Financial Services Board (South Africa)
|Headquarters||Pretoria, South Africa|
The Financial Services Board (FSB) is the government of South Africa's financial regulatory agency responsible for the non-banking financial services industry in South Africa. It is an independent body that supervises and regulates the financial services industry in the public interest. This includes the regulation of the biggest stock exchange in Africa the Johannesburg Stock Exchange.
The FSB was established in 1991 based on recommendations by the Van der Horst Committee  to create an independent body to supervise and regulate the non-banking financial services industry. A number of additional acts have expanded and increased the role of the FSB. These include;
In September 2004, the Financial Advisory and Intermediary Services Act (FAIS) expanded the mandate of the FSB to include aspects of market conduct in the banking industry.
Financial Intelligence Centre Act (2001) and subsequent amendments have added responsibilities to the FSB to combat money laundering.
On April 1st, 2018, The FSB changed name and mandate to become the FSCA or Financial Services Conduct Authority to become the market conduct regulator of financial institutions, that provide financial products and financial services, financial institutions that are licensed in terms of a financial sector law, including banks, insurers, retirement funds and administrators, and market infrastructures.
Responsibilities and functions
The FSB says that its vision is "To promote and maintain a sound financial investment environment in South Africa" 
It is responsible for all non-bank financial intermediaries, this includes;
- Capital Markets
- Collective Investment Schemes
- Financial Services Provider
- Re-insurers, short and long-term
- Lloyd's correspondents
- Other Credit Agents
- Nominee Companies
- Retirement Funds
- Friendly Societies
It is responsible for ensuring that the regulated entities comply with the relevant legislation as well as capital adequacy requirements to promote financial soundness of these entities and thereby protecting the investing community.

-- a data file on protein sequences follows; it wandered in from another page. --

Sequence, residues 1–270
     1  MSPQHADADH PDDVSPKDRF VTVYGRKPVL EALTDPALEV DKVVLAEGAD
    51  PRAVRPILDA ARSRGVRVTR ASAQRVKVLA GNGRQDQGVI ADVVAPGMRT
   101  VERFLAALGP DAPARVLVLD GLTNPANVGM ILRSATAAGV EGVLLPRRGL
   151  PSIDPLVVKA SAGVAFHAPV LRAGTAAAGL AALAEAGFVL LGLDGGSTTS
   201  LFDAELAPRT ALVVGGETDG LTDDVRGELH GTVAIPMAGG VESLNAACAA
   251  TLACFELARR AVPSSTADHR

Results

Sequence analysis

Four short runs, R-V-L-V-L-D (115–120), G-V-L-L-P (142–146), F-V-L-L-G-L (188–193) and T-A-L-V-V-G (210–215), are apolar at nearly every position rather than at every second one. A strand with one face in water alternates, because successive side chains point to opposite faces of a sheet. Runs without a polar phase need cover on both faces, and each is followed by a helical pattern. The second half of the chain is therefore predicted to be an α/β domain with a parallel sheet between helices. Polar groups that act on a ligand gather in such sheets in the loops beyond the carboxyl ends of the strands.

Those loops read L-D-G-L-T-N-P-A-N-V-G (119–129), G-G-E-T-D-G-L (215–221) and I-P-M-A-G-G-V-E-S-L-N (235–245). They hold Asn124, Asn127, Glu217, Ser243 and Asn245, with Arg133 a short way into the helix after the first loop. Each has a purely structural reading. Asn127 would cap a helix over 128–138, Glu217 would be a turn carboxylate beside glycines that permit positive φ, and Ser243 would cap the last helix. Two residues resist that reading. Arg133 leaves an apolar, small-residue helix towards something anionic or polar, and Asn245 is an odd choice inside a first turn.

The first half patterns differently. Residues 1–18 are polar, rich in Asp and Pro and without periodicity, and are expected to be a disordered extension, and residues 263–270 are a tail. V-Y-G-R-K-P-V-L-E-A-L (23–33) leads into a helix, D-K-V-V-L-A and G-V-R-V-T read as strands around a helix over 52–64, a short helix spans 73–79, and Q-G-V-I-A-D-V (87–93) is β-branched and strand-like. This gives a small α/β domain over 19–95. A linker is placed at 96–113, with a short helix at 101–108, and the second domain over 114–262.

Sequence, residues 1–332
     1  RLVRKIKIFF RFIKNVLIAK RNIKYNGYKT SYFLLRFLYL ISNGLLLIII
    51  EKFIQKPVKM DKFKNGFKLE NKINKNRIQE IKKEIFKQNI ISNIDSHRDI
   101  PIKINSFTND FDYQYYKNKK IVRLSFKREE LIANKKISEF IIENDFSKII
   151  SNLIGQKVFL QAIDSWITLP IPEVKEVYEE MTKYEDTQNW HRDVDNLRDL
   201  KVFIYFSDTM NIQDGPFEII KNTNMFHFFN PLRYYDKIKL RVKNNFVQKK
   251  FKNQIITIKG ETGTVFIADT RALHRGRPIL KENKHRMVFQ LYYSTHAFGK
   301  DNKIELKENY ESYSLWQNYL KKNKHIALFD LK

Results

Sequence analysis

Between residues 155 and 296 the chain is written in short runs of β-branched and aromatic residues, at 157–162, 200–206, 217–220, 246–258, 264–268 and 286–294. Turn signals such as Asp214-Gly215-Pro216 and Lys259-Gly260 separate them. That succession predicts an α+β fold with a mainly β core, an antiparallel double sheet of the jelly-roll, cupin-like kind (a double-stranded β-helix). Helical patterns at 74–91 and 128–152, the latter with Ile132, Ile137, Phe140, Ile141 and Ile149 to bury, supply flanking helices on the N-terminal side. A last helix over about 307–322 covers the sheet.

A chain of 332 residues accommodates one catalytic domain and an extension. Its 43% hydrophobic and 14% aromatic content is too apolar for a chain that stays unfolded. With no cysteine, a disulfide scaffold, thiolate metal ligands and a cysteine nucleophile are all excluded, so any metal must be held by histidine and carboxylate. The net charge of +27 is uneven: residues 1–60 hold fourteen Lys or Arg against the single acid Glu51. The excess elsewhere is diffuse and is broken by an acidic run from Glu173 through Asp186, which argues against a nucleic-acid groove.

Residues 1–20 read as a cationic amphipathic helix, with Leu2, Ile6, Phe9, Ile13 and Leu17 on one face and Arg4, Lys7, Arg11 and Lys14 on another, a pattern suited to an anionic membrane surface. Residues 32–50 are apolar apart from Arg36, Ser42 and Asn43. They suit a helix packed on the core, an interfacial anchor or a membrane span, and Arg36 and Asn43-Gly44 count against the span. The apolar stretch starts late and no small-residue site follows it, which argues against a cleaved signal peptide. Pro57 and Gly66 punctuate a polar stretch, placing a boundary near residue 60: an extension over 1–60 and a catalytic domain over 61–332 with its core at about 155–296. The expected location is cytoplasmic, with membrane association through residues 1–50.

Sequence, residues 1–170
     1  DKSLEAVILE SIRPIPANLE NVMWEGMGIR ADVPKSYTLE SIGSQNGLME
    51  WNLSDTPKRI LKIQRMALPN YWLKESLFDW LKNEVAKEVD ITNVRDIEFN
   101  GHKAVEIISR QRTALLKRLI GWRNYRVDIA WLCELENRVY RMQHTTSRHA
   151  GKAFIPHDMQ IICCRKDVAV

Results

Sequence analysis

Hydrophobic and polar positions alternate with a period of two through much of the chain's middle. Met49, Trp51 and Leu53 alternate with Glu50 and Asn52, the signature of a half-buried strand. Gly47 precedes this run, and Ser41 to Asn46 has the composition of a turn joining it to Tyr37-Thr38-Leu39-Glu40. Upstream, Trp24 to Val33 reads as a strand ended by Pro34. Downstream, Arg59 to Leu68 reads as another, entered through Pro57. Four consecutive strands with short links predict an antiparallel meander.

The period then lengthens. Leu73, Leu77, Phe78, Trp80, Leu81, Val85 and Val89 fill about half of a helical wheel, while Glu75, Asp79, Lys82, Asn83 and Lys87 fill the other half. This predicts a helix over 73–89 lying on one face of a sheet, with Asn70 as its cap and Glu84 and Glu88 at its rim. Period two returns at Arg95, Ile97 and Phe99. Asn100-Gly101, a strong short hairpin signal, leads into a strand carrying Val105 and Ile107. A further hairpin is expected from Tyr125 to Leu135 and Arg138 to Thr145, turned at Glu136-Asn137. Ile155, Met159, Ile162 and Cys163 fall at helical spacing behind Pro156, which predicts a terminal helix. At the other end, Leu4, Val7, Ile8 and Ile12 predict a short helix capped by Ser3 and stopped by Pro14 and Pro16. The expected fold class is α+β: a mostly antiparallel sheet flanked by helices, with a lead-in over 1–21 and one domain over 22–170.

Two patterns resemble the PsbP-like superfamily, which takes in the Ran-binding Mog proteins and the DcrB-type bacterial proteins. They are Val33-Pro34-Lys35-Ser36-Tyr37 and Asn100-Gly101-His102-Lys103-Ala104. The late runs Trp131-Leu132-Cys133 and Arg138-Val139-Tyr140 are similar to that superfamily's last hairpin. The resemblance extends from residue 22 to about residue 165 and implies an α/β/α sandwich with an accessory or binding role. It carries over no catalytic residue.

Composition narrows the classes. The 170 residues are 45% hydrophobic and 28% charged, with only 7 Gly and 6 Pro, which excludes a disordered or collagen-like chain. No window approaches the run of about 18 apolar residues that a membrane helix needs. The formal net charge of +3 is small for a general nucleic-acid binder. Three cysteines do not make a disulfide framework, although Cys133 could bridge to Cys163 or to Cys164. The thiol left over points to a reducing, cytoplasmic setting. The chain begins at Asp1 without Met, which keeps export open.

It has enforcement powers to deal with breaches through the enforcement committee. The Committee may impose unlimited penalties, compensation orders and cost orders. Such orders are enforceable as if it was a judgment of the Supreme Court of South Africa.
It also runs a customer complaints service and there is a separate appeals board that can be approached by anybody aggrieved by a decision of the FSB or its executive officers. The appeals board is an independent tribunal comprising members who are neither employees of the FSB nor active participants in the financial services industry. Its chairman and the members are appointed by the Minister of Finance.
FSB is a member of International Organization of Securities Commissions (IOSCO) and is a signatory of the IOSCO multilateral MoUs.
The FSB participates in the activities of African regulatory bodies, particularly those in the Southern African Development Community (SADC) region. It has long standing a close relations with Committee Of Insurance, Securities And Non-Banking Financial Authorities (CISNA) part of the SADC directorate.
The FSB is made up of a board that oversees operations of the FSB through various committees. The board also appoints the FSB executive officer which presides over the day-to-day running of the FSB. As well as those committees, the FSB also provides funding for the ‘Office of the FAIS Ombud’ and the ‘Office of the PFA’. It does this on the basis of approved budgets. The Offices are part of the same regulatory framework within which the FSB operates but they are independent from the FSB as their sole mandate is to dispose of complaints lodged by consumers of financial services in terms of their respective Acts.
The Executive Officer is also the Registrar of Non-banking Financial Institutions. There are four Deputy Executive Officers responsible for supervision of the various industries, namely Financial Advisory and Intermediary Services, Retirement Funds and Friendly Societies, Insurance and Investment Institutions.